bool CMarkup::FindChildElem( MCD_CSTR szName = NULL );
Using the child position can save you some lines of code in navigating the document when you are using both the main position and child position and do not want to do an extra IntoElem and OutOfElem to go between them. But keep in mind that this is an optional means of navigation. See Navigating and Getting Information From a Document and Navigating Levels in CMarkup to learn about the CMarkup current position construct.
If there is a main position and no current child position,
FindChildElem() locates the first child element under the main position and makes it the child position. If there is a child element, it moves to the next child element. If there is no child element or no next child element, it returns
false and leaves the child position where it was.
<TESTDOC> <ITEM>one</ITEM> <ITEM>two</ITEM> </TESTDOC>
xml.ResetPos(); // no current position xml.FindElem(); // main is TESTDOC, no child position xml.FindChildElem(); // main is TESTDOC, child is first ITEM xml.FindChildElem(); // main is TESTDOC, child is second ITEM
If there is no current position at all (such as after ResetPos), you can call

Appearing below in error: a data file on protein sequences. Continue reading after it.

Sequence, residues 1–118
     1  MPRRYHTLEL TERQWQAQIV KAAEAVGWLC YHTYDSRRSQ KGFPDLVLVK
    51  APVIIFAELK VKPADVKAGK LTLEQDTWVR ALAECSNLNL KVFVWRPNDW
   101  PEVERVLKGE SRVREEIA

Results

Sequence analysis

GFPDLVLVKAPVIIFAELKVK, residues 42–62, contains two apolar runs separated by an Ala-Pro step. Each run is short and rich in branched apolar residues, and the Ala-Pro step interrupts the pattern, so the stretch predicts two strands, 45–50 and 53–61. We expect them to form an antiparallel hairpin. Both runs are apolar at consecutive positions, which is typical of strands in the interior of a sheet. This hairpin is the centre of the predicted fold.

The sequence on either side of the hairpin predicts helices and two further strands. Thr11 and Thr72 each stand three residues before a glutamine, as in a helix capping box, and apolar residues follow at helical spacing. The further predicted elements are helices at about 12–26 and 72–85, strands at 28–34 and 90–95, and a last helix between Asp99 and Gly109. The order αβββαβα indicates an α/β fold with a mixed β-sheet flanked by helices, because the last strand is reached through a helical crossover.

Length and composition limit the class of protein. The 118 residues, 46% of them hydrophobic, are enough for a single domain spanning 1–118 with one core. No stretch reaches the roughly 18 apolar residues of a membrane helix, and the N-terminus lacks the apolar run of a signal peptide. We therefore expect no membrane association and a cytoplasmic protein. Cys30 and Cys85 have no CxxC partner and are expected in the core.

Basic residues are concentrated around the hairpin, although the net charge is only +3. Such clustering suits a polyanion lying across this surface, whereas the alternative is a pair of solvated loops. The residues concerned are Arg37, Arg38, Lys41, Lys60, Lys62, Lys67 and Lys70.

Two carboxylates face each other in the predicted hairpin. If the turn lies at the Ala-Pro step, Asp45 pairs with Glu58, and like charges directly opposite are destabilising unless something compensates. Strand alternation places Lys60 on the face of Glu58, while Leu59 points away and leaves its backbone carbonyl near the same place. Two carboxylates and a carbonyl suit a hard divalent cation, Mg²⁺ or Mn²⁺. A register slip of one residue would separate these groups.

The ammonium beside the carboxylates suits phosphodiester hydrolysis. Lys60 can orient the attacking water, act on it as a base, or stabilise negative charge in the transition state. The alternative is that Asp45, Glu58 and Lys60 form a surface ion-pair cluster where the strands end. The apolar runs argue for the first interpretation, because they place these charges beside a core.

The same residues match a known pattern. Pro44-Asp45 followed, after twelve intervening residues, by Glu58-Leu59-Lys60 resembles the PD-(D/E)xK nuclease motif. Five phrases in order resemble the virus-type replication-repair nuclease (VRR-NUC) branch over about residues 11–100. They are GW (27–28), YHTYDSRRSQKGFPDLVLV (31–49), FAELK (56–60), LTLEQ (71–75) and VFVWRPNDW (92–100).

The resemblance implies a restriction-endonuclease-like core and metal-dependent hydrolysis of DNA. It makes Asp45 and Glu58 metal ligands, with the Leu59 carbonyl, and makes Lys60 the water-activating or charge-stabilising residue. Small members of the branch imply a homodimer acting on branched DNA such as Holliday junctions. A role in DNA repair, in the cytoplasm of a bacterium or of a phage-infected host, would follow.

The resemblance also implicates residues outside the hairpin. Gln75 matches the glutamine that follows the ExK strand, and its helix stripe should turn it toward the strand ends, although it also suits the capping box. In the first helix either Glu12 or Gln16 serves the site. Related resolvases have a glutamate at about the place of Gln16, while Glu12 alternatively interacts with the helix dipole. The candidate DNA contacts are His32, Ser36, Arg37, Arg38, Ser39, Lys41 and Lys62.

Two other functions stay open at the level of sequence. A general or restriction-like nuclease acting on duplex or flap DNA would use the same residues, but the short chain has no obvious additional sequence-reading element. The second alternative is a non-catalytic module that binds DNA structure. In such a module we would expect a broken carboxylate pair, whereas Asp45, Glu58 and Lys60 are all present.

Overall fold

FindChildElem() to find the first child of the root element (this is shorthand because you can skip the call to FindElem).
xml.ResetPos(); xml.FindChildElem(); // child position is first ITEM
FindChildElem method has an optional argument which allows you to specify a pathname. The simplest use of the pathname is to pass the tag name. Calling
FindChildElem("ITEM") will only succeed if a sibling ITEM element is found after the child position. If there is no main position, it will look for a matching child under the first main level element found.
See the FindElem method documentation for full details of how the pathname argument works. However, note that for the
FindChildElem method the element that is found becomes the current child position, not the main position.